It took us 605 days.
It took us six hundred and five days to ride our bamboo-and-hemp bicycles from the top of the planet to the tip; to cycle from that isolated town in the most northern part of the Alaskan Arctic down to the Antarctic Peninsula, where – on March 6th, 2012 – we set foot and rim on to the White Continent.
Arriving in Ushuaia turned out not to be our real finish. From the southernmost city in the world we were very fortunate to join our personal hero and inspiration, polar explorer Robert Swan OBE, and his team from 2041 to Antarctica. This last true wilderness holds roughly seventy percent of the world’s freshwater resources, and we were very anxious to see it in all its splendor, and learn about the effects of climate change on this; the White Continent.
Flat plains of dry grass lie on the other side of the Strait of Magellan at the end of mainland South America. This was the land of the Yaghans; the indigenous people who had the honor of being regarded as the southernmost living tribe in the world. The biting winds and the frigid cold has changed little since those days. For us it was to be the ending of our long journey south.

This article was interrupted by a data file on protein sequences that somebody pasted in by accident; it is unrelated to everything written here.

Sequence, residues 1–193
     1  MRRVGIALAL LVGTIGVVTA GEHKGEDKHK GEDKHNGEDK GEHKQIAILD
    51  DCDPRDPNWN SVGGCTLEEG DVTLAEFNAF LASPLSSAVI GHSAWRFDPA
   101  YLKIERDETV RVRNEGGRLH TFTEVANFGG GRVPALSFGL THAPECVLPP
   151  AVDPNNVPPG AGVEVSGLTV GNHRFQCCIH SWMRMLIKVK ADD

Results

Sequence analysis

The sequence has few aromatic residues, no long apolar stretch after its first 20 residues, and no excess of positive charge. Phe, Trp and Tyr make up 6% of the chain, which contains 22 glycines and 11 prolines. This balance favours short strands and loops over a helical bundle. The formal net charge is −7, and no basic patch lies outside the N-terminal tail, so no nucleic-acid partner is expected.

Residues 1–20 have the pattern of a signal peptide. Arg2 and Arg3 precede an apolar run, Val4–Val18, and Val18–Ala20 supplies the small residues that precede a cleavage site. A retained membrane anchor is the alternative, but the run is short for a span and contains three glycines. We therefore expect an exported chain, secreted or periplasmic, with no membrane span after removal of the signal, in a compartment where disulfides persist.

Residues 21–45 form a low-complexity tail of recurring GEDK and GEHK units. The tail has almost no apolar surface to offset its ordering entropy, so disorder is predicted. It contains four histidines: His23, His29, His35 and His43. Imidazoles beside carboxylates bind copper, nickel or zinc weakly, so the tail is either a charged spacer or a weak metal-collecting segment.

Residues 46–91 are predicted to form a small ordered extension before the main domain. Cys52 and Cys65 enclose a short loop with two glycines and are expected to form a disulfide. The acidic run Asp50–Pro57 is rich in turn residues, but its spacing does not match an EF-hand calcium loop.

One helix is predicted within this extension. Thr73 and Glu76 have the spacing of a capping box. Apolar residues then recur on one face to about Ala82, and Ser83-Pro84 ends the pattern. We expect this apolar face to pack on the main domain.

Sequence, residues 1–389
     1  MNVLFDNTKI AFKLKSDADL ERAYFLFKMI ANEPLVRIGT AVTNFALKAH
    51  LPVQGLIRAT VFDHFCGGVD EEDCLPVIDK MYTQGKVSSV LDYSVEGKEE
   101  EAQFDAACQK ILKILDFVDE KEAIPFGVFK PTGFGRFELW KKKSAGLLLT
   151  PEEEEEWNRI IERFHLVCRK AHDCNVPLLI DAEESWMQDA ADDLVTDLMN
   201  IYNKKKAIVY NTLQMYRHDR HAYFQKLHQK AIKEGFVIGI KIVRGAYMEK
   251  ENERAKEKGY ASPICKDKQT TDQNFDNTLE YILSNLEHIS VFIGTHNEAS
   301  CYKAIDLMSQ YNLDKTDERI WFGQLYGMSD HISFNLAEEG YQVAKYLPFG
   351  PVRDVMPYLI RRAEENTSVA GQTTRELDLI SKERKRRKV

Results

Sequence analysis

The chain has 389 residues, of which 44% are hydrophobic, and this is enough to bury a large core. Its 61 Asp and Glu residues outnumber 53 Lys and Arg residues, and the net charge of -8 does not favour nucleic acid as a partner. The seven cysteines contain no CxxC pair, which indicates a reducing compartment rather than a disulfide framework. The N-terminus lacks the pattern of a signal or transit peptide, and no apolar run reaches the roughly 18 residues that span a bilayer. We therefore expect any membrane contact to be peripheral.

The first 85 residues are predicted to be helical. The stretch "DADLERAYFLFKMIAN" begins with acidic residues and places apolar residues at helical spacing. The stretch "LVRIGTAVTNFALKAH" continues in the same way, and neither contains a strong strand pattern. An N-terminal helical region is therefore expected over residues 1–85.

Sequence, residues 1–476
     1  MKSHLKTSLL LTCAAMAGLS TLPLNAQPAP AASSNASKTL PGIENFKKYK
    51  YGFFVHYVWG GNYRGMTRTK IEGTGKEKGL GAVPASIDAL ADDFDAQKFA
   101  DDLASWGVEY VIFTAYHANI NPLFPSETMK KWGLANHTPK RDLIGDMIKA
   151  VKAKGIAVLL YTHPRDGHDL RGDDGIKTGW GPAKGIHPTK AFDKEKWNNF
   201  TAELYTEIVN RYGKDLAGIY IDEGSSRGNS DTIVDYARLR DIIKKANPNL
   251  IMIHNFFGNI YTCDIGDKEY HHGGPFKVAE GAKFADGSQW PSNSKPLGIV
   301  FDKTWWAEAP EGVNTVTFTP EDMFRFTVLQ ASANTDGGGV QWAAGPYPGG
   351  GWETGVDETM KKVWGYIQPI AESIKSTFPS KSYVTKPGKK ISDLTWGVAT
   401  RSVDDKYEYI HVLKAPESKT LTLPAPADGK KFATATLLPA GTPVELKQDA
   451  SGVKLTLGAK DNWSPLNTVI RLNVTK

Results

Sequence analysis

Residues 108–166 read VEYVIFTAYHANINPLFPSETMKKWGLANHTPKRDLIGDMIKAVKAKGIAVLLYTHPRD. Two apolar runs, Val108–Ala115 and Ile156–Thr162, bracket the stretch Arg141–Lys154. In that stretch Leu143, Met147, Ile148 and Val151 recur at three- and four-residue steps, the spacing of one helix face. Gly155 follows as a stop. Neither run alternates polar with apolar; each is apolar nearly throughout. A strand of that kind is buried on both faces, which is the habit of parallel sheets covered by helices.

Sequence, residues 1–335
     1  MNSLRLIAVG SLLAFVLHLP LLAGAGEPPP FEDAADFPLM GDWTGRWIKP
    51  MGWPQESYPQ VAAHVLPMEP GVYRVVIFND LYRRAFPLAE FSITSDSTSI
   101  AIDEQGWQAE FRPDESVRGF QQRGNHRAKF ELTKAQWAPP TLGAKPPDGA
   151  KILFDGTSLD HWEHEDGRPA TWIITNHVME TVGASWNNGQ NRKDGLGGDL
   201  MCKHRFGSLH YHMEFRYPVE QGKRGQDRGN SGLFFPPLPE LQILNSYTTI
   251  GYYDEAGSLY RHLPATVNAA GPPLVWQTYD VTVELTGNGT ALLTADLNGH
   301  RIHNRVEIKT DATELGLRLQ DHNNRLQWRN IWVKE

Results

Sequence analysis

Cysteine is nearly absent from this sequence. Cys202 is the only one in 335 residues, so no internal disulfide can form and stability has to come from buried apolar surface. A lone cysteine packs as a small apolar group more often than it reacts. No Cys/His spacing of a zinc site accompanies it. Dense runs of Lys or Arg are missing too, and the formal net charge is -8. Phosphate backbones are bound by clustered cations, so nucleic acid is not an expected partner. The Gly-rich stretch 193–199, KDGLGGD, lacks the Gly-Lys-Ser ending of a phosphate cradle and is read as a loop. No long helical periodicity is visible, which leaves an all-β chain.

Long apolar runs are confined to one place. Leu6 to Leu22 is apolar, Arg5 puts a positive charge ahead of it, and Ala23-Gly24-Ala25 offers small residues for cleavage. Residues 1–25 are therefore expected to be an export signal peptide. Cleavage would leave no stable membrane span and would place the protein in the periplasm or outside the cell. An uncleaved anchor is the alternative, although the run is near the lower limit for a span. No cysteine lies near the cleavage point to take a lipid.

After our visit to Perito Moreno in the Los Glaciares National Park we had to begin our long anticipated, and much feared, battle with the notorious Patagonian winds. A wind so fierce that, in the words of the most famous contemporary chronicler of these lands, it ‘strips men to the core’. East of the Andes lies this land of pampas, of steppe; a desert land of estancias and sheep; a place where the wanderers drifted towards at the turn of the last century, escaping their lot in Europe or the United States, looking for new fortunes in the remoteness at the ends of the Earth.